Duke and Duchess of Cambridge and Prince Harry meet Homeless Helpline volunteers

Royal trio were shown how the Mix connects young people with experts and their peers for advice on everything from jobs to relationship problems and drugs and why it will be such a key partner for delivering the new homelessness helpline

Ed Cumming,Matt Watts
Tuesday 20 December 2016 03:14
Comments
The Duke helps make Christmas decorations at The Mix get-together
The Duke helps make Christmas decorations at The Mix get-together

The Duke and Duchess of Cambridge and Prince Harry heard how the Young and Homeless Helpline will make a huge difference to young lives – as they met volunteers who will help deliver the service.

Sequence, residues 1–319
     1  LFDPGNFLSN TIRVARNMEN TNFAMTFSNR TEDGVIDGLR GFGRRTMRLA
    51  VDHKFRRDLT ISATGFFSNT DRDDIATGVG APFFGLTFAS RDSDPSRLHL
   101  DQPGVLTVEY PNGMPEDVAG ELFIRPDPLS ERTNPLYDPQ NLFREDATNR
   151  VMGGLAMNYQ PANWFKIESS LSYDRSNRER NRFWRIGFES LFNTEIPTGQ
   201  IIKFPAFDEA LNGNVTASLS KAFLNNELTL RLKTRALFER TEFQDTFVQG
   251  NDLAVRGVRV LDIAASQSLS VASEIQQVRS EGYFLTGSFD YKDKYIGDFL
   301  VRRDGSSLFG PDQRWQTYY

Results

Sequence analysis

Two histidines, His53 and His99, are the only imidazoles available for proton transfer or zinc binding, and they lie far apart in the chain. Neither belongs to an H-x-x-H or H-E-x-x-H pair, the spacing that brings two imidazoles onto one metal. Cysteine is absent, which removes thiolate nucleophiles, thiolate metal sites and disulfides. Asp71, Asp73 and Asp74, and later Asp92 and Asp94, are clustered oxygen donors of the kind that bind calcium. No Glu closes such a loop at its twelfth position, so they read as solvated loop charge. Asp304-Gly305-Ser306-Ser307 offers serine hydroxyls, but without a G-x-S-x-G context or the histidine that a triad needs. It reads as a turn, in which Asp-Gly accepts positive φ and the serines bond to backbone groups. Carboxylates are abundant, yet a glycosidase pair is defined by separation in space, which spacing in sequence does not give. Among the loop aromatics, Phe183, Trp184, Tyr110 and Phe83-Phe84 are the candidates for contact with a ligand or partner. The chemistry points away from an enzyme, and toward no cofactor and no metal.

They visited The Mix, Centrepoint’s partner charity in our Christmas appeal – to thank volunteers yesterday morning.

The Independent is raising money to help charity Centrepoint, for the first time, give young homeless people, and those at risk of ending up on the streets, a national freephone number for advisers who can link them to the services they need.

The Mix, which helps people aged under 25 facing issues such as drug dependency, mental health problems or family breakdown, will work with Centrepoint to deliver the helpline.

The two charities will share a call centre and work together to answer phones. Callers will be passed between the services depending on the type of support they need.

On arrival at the Harrow Club, a centre for young people in west London, the royal party – the Duchess dressed in a festive red and green dress and the Duke and Prince Harry in dark blue suits – yesterday were met by both volunteers and those who use The Mix’s services.